2. Reactive Oxygen Species Production by Potato Tuber Mitochondria Is Modulated by Mitochondrially Bound Hexokinase Activity1

    PubMed Central

    Camacho-Pereira, Juliana; Meyer, Laudiene Evangelista; Machado, Lilia Bender; Oliveira, Marcus Fernandes; Galina, Antonio

    2009-01-01

    Potato tuber (Solanum tuberosum) mitochondria (PTM) have a mitochondrially bound hexokinase (HK) activity that exhibits a pronounced sensitivity to ADP inhibition. Here we investigated the role of mitochondrial HK activity in PTM reactive oxygen species generation. Mitochondrial HK has a 10-fold higher affinity for glucose (Glc) than for fructose (KMGlc = 140 μm versus KMFrc = 1,375 μm). Activation of PTM respiration by succinate led to an increase in hydrogen peroxide (H2O2) release that was abrogated by mitochondrial HK activation. Mitochondrial HK activity caused a decrease in the mitochondrial membrane potential and an increase in oxygen consumption by PTM. Inhibition of Glc phosphorylation by mannoheptulose or GlcNAc induced a rapid increase in H2O2 release. The blockage of H2O2 release sustained by Glc was reverted by oligomycin and atractyloside, indicating that ADP recycles through the adenine nucleotide translocator and F0F1ATP synthase is operative during the mitochondrial HK reaction. Inhibition of mitochondrial HK activity by 60% to 70% caused an increase of 50% in the maximal rate of H2O2 release. Inhibition in H2O2 release by mitochondrial HK activity was comparable to, or even more potent, than that observed for StUCP (S. tuberosum uncoupling protein) activity. The inhibition of H2O2 release in PTM was two orders of magnitude more selective for the ADP produced from the mitochondrial HK reaction than for that derived from soluble yeast (Saccharomyces cerevisiae) HK. Modulation of H2O2 release and oxygen consumption by Glc and mitochondrial HK inhibitors in potato tuber slices shows that hexoses and mitochondrial HK may act as a potent preventive antioxidant mechanism in potato tubers. PMID:19109413

  3. The stimulated innate resistance event in Bordetella pertussis infection is dependent on reactive oxygen species production.

    PubMed

    Zurita, E; Moreno, G; Errea, A; Ormazabal, M; Rumbo, M; Hozbor, D

    2013-07-01

    The exacerbated induction of innate immune responses in airways can abrogate diverse lung infections by a phenomenon known as stimulated innate resistance (StIR). We recently demonstrated that the enhancement of innate response activation can efficiently impair Bordetella pertussis colonization in a Toll-like receptor 4 (TLR4)-dependent manner. The aim of this work was to further characterize the effect of lipopolysaccharide (LPS) on StIR and to identify the mechanisms that mediate this process. Our results showed that bacterial infection was completely abrogated in treated mice when the LPS of B. pertussis (1 μg) was added before (48 h or 24 h), after (24 h), or simultaneously with the B. pertussis challenge (10(7) CFU). Moreover, we detected that LPS completely cleared bacterial infection as soon as 2 h posttreatment. This timing suggests that the observed StIR phenomenon should be mediated by fast-acting antimicrobial mechanisms. Although neutrophil recruitment was already evident at this time point, depletion assays using an anti-GR1 antibody showed that B. pertussis clearance was achieved even in the absence of neutrophils. To evaluate the possible role of free radicals in StIR, we performed animal assays using the antioxidant N-acetyl cysteine (NAC), which is known to inactivate oxidant species. NAC administration blocked the B. pertussis clearance induced by LPS. Nitrite concentrations were also increased in the LPS-treated mice; however, the inhibition of nitric oxide synthetases did not suppress the LPS-induced bacterial clearance. Taken together, our results show that reactive oxygen species (ROS) play an essential role in the TLR4-dependent innate clearance of B. pertussis.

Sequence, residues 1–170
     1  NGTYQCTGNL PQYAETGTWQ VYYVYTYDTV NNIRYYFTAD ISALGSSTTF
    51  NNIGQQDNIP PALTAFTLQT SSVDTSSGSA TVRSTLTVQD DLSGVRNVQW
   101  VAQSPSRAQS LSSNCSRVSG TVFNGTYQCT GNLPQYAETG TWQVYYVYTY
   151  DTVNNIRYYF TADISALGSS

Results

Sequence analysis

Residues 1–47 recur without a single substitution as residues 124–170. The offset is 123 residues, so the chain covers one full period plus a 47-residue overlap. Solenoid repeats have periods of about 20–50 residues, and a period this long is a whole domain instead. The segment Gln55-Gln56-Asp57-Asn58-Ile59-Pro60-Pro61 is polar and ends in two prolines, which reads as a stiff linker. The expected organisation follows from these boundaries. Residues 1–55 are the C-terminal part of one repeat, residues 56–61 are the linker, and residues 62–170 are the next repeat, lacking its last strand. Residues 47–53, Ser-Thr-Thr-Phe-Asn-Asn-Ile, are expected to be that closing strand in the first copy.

4. Mechanotransduction Drives Post Ischemic Revascularization Through KATP Channel Closure and Production of Reactive Oxygen Species

    PubMed Central

    Browning, Elizabeth; Wang, Hui; Hong, Nankang; Yu, Kevin; Buerk, Donald G.; DeBolt, Kristine; Gonder, Daniel; Sorokina, Elena M.; Patel, Puja; De Leon, Diva D.; Feinstein, Sheldon I.; Fisher, Aron B.

    2014-01-01

    Abstract Aims: We reported earlier that ischemia results in the generation of reactive oxygen species (ROS) via the closure of a KATP channel which causes membrane depolarization and NADPH oxidase 2 (NOX2) activation. This study was undertaken to understand the role of ischemia-mediated ROS in signaling. Results: Angiogenic potential of pulmonary microvascular endothelial cells (PMVEC) was studied in vitro and in the hind limb in vivo. Flow adapted PMVEC injected into a Matrigel matrix showed significantly higher tube formation than cells grown under static conditions or cells from mice with knockout of KATP channels or the NOX2. Blocking of hypoxia inducible factor-1 alpha (HIF-1α) accumulation completely abrogated the tube formation in wild-type (WT) PMVEC. With ischemia in vivo (femoral artery ligation), revascularization was high in WT mice and was significantly decreased in mice with knockout of KATP channel and in mice orally fed with a KATP channel agonist. In transgenic mice with endothelial-specific NOX2 expression, the revascularization observed was intermediate between that of WT and knockout of KATP channel or NOX2. Increased HIF-1α activation and vascular endothelial growth factor (VEGF) expression was observed in ischemic tissue of WT mice but not in KATP channel and NOX2 null mice. Revascularization could be partially rescued in KATP channel null mice by delivering VEGF into the hind limb. Innovation: This is the first report of a mechanosensitive ion channel (KATP channel) initiating endothelial signaling that drives revascularization. Conclusion: The KATP channel responds to the stop of flow and activates signals for revascularization to restore the impeded blood flow. Antioxid. Redox Signal. 20, 872–886. PMID:23758611